Anyone involved in the sci fi community knows the big classic sci fi TV shows. Shows like Babylon 5, Star Trek, Battlestar Galactica.
Many of these shows solidified space opera’s place on the TV schedule, and popularized the sci fi genre with new, flashy filming technology and celebrity faces.
But, in the background, there were smaller sci fi classics on air, too. Even hardcore science fiction fans might have a hard time remembering this list of sci fi TV series.
While many people think of The X-Files as the definitive extra-terrestrials-among-us program, the trend actually started many years before Chris Carter’s iconic show.
Project U.F.O aired on NBC for 2 seasons from 1978 to 1979. The show was created by Jack Webb and Harold Jack Bloom.
This classic show followed two US. Air Force investigators as they worked there way through a number of UFO sightings and phenomena. Many of the episodes are based on actual case files from Project Blue Book, the Air Force’s undercover study of extraterrestrials from 1952-1969.
While The X-Files deviated into more supernatural and folklore-ish waters, Project U.F.O. stayed in it’s lane, focusing strictly on UFO phenomena.
Dick Spanner, P.I.
Dick Spanner, P.I. isn’t a show you might toss in with other classic sci fi TV shows like Stargate and Xena, but it’s certainly a classic in its own right.
The stop-motion animation series has 22 episodes and aired in the UK in 1986. The show became popular for its witty voice and pithy format. Each episode is around 6 minutes.
Now, what’s the premise? Well, Dick Spanner is a robot private investigator in a futuristic city. Yup, definitely science fiction.
It’s a fun little hour of stop-motion animation, with an interesting tone!
Most little-known sci-fi shows are lucky if they run for half a season. But, Jupiter Moon stands out as an oddball, having run for over 10 episodes!
The British sci fi soap opera broadcasted in 1990 on the Sci Fi Channel, and ran for 6 years.
This sci fi TV show is set on a space colony orbiting Callisto, in the year 2050. Instead of an intergalactic military space drama like the Expanse, Jupiter Moon is a show about simpler problems, and human relationships. Certainly a slower pace than a lot of current or upcoming sci fi tv shows.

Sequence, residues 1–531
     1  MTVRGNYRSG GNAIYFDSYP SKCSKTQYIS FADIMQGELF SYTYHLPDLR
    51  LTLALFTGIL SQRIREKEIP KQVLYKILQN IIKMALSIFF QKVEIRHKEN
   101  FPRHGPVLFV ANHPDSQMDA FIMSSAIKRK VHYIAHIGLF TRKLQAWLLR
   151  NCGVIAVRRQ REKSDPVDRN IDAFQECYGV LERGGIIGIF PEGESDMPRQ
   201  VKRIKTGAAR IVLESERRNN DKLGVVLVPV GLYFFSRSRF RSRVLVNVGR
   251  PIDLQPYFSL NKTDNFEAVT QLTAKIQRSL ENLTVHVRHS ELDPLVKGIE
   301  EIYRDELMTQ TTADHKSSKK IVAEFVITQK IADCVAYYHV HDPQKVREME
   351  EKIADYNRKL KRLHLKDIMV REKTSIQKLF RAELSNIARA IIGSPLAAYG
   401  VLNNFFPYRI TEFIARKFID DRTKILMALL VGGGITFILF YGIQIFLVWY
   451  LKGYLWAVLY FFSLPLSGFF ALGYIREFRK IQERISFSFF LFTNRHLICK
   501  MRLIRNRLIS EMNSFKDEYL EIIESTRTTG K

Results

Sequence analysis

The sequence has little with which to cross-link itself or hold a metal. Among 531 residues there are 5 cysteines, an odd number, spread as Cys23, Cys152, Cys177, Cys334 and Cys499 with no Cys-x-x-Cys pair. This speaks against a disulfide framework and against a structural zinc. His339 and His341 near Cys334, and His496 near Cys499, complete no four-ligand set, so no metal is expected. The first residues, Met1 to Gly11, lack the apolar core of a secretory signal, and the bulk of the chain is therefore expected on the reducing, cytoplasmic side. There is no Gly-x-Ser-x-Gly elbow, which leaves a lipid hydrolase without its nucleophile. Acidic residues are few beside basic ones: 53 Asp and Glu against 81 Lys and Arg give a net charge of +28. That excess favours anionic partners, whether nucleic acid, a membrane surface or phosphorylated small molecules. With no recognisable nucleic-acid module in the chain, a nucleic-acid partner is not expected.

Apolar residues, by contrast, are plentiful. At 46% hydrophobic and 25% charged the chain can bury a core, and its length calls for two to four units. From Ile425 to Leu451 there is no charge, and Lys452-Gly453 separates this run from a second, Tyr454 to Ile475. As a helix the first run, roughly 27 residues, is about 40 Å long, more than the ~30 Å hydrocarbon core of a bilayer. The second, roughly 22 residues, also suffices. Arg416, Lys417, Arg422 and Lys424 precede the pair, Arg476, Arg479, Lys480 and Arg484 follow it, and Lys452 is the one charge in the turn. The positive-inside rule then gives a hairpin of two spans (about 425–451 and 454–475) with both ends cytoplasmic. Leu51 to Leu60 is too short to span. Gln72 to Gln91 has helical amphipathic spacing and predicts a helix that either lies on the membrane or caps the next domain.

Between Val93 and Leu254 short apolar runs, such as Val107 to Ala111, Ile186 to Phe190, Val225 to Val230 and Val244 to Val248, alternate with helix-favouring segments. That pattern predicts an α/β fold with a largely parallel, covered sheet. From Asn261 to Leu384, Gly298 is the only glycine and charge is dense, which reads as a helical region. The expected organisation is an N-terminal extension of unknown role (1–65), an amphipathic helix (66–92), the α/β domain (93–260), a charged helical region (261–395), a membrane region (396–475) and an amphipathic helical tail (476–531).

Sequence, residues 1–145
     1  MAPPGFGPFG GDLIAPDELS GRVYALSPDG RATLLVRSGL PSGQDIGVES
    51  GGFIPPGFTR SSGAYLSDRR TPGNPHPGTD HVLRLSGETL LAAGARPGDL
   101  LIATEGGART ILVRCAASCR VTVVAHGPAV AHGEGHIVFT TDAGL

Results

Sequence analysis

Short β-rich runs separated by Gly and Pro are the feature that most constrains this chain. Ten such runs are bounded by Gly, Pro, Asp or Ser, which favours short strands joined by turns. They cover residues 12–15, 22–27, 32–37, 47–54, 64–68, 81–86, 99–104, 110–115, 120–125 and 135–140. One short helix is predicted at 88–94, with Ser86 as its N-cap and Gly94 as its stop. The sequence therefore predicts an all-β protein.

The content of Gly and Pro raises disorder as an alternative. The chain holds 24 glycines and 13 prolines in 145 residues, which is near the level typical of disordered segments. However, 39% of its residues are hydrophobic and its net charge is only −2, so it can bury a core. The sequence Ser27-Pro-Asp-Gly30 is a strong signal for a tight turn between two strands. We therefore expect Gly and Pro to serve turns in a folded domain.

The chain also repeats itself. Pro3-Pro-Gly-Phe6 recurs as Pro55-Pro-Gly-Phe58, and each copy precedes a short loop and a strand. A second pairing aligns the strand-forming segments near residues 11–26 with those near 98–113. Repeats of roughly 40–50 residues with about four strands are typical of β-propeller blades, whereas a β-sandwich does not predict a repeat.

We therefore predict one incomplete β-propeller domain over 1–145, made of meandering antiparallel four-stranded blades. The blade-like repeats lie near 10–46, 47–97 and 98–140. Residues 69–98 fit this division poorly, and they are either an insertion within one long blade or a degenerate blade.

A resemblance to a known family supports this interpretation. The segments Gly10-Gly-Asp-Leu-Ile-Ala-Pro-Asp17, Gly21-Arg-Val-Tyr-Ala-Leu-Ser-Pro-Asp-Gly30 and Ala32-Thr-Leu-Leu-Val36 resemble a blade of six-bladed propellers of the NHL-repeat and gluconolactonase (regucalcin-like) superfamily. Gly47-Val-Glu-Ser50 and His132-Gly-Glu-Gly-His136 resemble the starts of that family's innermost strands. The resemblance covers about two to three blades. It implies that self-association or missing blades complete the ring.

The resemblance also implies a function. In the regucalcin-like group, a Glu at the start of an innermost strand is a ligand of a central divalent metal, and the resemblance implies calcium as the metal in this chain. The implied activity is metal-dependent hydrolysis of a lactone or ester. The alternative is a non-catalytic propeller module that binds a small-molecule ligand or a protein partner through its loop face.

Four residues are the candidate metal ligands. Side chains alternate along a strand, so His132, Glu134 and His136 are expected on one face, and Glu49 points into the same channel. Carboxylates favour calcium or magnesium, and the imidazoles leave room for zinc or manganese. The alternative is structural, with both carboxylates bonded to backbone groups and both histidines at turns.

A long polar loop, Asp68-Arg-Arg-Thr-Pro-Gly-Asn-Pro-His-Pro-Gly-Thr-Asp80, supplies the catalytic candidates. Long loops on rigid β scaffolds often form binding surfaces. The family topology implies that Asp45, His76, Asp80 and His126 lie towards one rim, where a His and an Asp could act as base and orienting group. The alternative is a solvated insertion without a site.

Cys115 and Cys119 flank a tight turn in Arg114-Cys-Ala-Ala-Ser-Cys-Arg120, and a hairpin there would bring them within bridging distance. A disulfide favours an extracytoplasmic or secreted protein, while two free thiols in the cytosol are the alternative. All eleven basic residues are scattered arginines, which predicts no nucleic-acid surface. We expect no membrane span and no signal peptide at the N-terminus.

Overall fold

While not particularly deep or provoking, Jupiter Moon is a fun show to watch once and remember vaguely.
5 Days To Midnight
5ive Days to Midnight aired in 2004 as a 5-part miniseries. The show followed J.T. Neumeyer, a physics professor, as he slowly discovers he’s traveled through time. But the clock is ticking, because in five days, he’s going to die.
It’s an intriguing show, and the miniseries format fits the story well. The first two episodes show the first 4 days of the story, while the last episode is dedicated to day 5.
Neat premise, and it’s more palatable than this next show:
Honorable (Horrible?) Mention: Woops!
Woops! was once called one of the worst TV shows of all time. And I can see why.
Woops! aired for only 10 of their 13 episodes in 1992. It follows six survivors of nuclear war that gather on a farm in hopes of rebuilding society. This sitcom attempts to humorize the plights of a typical last-people-on-Earth story, like reproduction and future generations. However, the 1990s humor and sitcom format didn’t match well with the post-apocalyptic vibes.
The episodes are kind of hard to find, but I did manage to watch a few on Youtube. They’re base-level humor, with a lot of cliches and stereotypes floating around like a doom-cloud. If your Youtube recommendations dry up and you have 20 minutes to waste, check it out.
Until Next Time…
If you know of a show that’s not on this list, drop it in the comments! We might be back in a while with another blog about old TV shows!